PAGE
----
ASIA NEWS NETWORK
WE KNOW ASIA BETTER
Publication Date : 06-01-2013
Japanese Ambassador to China Masato Kitera said on Saturday that China-Japan ties are now in a "tough situation" as bilateral tension over a territorial dispute in the East China Sea continues.
Kitera was making his first public appearance since taking office in Beijing in late December. He was addressing a joint coming-of-age ceremony of more than 200 Japanese and Chinese college students who will turn 20 this year.
Feuding flared after the Japanese government illegally "purchased" part of the Diaoyu Islands last September, and public fury was aroused in China as massive crowds took to the streets in protest.
Kitera stressed the importance of public diplomacy by youths from both countries to stimulate deeper mutual understanding.
Yusuke Motooka, a student at the Beijing International Studies University who attended the event, said Japan's domestic media projected a relatively negative image of China before he came here.
"I felt little difference in the campus since ties soured," Motooka said.
Both China and Japan have considerable shared and reciprocal interests in economic and cultural exchanges, and even right-wing policy makers in Japan cannot afford a "complete impasse" of bilateral ties, said Liang Yunxiang, professor of Japanese studies at Peking University.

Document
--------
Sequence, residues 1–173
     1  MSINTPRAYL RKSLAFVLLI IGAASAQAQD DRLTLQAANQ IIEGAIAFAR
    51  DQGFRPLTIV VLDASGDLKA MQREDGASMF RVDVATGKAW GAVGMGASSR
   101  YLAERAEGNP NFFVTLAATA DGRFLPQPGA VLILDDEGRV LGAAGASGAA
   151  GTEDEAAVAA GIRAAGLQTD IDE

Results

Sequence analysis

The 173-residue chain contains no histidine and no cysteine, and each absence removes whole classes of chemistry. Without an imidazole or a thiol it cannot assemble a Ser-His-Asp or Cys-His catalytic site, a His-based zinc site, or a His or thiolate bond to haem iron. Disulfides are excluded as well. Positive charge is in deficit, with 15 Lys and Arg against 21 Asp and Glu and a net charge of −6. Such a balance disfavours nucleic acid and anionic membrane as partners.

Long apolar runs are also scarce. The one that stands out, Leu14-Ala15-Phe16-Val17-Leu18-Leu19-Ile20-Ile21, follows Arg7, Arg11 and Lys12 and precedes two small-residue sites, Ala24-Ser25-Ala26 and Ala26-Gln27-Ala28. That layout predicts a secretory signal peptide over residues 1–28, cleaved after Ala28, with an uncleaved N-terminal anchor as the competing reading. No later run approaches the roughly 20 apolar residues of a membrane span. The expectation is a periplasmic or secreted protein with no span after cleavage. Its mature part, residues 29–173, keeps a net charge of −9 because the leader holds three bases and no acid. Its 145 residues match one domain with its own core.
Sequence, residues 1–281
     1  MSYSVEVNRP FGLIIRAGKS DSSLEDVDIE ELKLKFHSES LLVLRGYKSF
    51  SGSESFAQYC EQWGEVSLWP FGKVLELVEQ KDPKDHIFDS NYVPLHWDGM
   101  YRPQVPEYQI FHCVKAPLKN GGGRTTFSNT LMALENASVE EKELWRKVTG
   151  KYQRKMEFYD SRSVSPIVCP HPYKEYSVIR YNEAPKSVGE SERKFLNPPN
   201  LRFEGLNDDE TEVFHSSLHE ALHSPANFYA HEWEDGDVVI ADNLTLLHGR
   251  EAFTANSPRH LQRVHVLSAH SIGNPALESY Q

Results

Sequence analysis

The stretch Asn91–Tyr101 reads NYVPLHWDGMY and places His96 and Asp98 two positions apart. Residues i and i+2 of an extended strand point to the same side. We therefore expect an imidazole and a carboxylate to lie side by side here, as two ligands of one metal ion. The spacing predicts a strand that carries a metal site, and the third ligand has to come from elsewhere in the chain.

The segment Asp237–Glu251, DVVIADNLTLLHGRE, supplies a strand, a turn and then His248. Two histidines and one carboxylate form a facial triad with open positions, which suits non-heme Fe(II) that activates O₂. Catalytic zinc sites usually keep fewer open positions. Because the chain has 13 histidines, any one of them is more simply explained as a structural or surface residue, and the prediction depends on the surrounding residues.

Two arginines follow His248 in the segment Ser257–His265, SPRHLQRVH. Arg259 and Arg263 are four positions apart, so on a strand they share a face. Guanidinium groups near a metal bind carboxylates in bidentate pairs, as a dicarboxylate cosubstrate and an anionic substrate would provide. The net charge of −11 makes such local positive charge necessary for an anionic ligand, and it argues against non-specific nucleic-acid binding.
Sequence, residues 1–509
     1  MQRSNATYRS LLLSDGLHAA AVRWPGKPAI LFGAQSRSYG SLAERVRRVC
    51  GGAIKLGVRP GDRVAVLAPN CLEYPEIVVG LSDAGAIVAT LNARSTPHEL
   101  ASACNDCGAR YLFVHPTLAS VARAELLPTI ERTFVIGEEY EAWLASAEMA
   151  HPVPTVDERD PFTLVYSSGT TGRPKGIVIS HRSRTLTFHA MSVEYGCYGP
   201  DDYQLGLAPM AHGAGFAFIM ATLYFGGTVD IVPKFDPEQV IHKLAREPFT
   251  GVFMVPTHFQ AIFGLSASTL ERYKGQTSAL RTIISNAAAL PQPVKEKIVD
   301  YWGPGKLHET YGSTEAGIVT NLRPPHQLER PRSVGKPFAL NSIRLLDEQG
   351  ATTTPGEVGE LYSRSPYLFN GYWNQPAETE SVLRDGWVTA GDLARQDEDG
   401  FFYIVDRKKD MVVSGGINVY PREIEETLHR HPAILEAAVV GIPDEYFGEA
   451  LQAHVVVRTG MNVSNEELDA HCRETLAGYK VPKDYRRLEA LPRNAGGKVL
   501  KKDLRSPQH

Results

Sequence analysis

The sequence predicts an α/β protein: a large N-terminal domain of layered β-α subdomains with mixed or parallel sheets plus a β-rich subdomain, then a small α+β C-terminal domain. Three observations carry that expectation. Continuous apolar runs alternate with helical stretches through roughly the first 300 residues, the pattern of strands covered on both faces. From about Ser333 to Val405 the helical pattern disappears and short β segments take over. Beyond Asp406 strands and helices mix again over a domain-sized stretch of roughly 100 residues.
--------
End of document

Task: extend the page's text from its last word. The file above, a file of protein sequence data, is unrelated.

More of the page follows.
Since September, Japan's exports to China have experienced a sharp drop including in the automobile sector, which has aggravated the country's economic downturn.
And Japan's Jiji Press news agency on Saturday quoted Japanese think tanks assaying that the country's sluggish economy might perk up this year as exports to China "slowly recover".
Kitera expected better and friendlier relations this year as the countries mark the 35th anniversary of the signing of China-Japan Treaty of Peace and Friendship, a key document that requires a peaceful resolution for bilateral disputes.
Zeng Guangming, in his sophomore year as a Japanese language major at the Beijing Foreign Studies University, said public diplomacy might be "a new starting point" for easing tension.
"Civilian exchanges had worked more than 40 years ago when both countries normalised diplomatic relations," Zeng said.
The top priority for both the ambassador and the Japanese prime minister is to "find the structural problem and contradiction (that lie in between) and then search for an impetus to achieve a breakthrough", Liang Yunxiang said.
Lu Yaodong, director of the department of Japanese diplomacy of the Institute of Japanese Studies at the Chinese Academy of Social Sciences, warned that there are lingering contradictions on China-related policies by the new Japanese cabinet.
"Japanese Prime Minister Shinzo Abe has vowed to ensure the concept of bilateral strategic and mutually beneficial relationship, yet he has also denied the existence of the Diaoyu Islands dispute, which has led to conflicting proposals," Lu said.